Spicing up a recipe, only to find you’re out of cayenne pepper? Don’t sweat it! With a dash of this and a sprinkle of that from your pantry, you can mimic cayenne’s flavor and fire in no time.
Bright red cayenne pepper heats up cuisines worldwide with its intense burn. But you have tasty options when supplies run dry:
Crushed red pepper flakes add similar punch and work well in dry rubs. Use equal amounts, adding more to taste.
Smoky hot paprika brings its own spin, with less direct heat. Start with a 1:1 substitute.
Chili powder contains cayenne and other dried chilies, plus salt and garlic. Use the same amount, lowering other salt.
A few splashes of Louisiana-style hot sauce gives instant cayenne-like zing. Halve the cayenne amount as a starting point.
Fresh chilies like jalapeño and serrano also substitute. Adjust quantities based on their individual
Gochugaru, a Korean red pepper powder, offers fruitier, complex heat.
Getting the exact flavor and fire of cayenne takes some experimenting with substitutes. But these tips will have you nailing that cayenne heat in no time:
- Consider the texture you want – flakes for rubs or powder for sauces.
- Start with less heat – you can always add more kick later!
- Know your fresh chilies – some are fiercely hotter than others.
- Toast dried spices to intensify their flavor.
- Mix and match substitutes to build layered flavor.
- Taste and adjust as you go until the heat level is just right.
If you rely heavily on cayenne for cooking, stock up online through
With the right substitutes and stocking up online, you can
Why Substitute for Cayenne Pepper?
There are a few reasons why you may need to swap out cayenne pepper in a recipe:
- You don’t have it on hand – Cayenne can be tricky to find in some grocery stores. Substitutes can save a dish when you’re in a pinch.
- You want more/less heat – Substitutes let you dial the
spicelevel up or down. Cayenne can be fiercely hot for some palates.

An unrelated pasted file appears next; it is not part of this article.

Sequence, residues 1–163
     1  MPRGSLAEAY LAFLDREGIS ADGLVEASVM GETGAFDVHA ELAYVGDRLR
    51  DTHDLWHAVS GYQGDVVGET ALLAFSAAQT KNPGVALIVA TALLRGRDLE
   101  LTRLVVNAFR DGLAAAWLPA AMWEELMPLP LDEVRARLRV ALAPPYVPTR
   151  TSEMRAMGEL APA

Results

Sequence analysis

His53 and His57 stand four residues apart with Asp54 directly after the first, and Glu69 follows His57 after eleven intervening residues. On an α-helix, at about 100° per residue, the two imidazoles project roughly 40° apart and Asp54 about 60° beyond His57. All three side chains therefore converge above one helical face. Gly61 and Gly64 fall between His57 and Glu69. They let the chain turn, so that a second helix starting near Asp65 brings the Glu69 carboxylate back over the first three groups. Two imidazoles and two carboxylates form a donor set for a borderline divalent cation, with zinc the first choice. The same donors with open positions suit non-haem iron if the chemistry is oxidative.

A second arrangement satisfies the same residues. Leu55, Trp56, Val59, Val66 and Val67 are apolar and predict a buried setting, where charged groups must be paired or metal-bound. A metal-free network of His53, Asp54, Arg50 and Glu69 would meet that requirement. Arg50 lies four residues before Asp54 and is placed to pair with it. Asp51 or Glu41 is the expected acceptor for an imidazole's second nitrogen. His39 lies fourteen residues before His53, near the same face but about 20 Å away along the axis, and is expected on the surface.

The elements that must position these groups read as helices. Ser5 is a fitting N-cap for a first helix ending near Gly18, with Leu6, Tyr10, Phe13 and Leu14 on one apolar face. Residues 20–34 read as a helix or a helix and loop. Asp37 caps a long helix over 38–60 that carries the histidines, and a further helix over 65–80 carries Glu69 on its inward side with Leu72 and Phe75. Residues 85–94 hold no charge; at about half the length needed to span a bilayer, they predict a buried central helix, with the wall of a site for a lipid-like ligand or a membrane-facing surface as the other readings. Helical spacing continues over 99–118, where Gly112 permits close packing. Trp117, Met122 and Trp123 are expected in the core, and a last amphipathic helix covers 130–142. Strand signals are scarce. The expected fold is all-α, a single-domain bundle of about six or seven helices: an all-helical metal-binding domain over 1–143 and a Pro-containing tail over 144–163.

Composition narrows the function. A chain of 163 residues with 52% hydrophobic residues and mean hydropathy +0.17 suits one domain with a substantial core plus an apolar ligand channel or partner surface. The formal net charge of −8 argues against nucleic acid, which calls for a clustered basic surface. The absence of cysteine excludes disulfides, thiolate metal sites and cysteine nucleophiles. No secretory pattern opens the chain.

- Allergies – If you or someone you cook for is allergic to nightshade vegetables like peppers, substitutes let you avoid cayenne.
- Change of flavors – Alternatives like paprika and hot sauce bring their own spin to a dish.
Luckily there are many ingredients you can use in place of cayenne to add a kick of heat and brilliant color.
6 Tasty Substitutes for Cayenne Pepper
1. Crushed Red Pepper Flakes
Red pepper flakes are one of the easiest stand-ins for cayenne pepper. They bring a similar punchy heat.
Use an equal amount of crushed red pepper flakes in place of cayenne. The flakes have a coarser texture, so adjust amounts to your taste. Their flavor is interchangeable in most recipes.
2. Hot Paprika
Smoky, rich hot paprika mirrors the heat of cayenne pepper with its own distinct flavor.
Swap in an equal amount of hot paprika for cayenne and tweak from there. Hot paprika shines in stews, chilies, soups, roasted vegetables, and more.
3. Chili Powder
As a blend of dried, ground chili peppers, chili powder makes a handy substitute for straight cayenne pepper.
Use a 1:1 ratio, then taste and adjust as needed. Chili powder tends to be saltier due to added garlic and seasonings. You may want to reduce other salt in a recipe.
4. Hot Sauce
For a quick cayenne stand-in, use a few shakes of Louisiana-style hot sauce. Tabasco, Crystal, and Cholula all work well.
Start with about half as much hot sauce as the cayenne pepper called for in a recipe. You can always add more! Vinegar-based sauces will taste different than cayenne.
5. Fresh Chilies
Fresh hot peppers like serrano, jalapeño, or Fresno can substitute for cayenne. Seed and dice them up.
The amount will vary wildly depending on the chilies’ individual heat. Start with less and add more for your desired kick.
This Korean red pepper powder offers fiery heat and a complex, slightly sweet flavor. It shines in kimchi, stews, and dipping sauces.
Use an equal amount in place of cayenne and adjust to preference. Keep in mind gochugaru has a deeper, fruitier taste.
Tips for Getting the Right Flavor and Heat
When substituting for cayenne:
- Consider the dish – Choose options like hot sauce for wet dishes and red pepper flakes for dry rubs.
- Start small – It’s easier to add more heat than tone it down.
- Know your chilies – Serrano and habanero pack more punch than jalapeño. Adjust amounts accordingly.
- Toast spices for deeper flavor.
- Mix and match subs to build flavor complexity.
- Taste as you go and tweak until it hits the perfect heat level and taste for you.
Can’t Live Without Cayenne? Buy it Online!
If you use a lot of cayenne pepper, it pays to buy it in bulk online.
With so many tasty substitutes on hand plus online sources for the real thing, you can always add a kick of heat and brilliant color to your dishes. Adjust and mix substitutes until you find your perfect cayenne pepper match.
So don’t let the absence of cayenne in your pantry diminish your cooking – with these handy stand-ins, you can still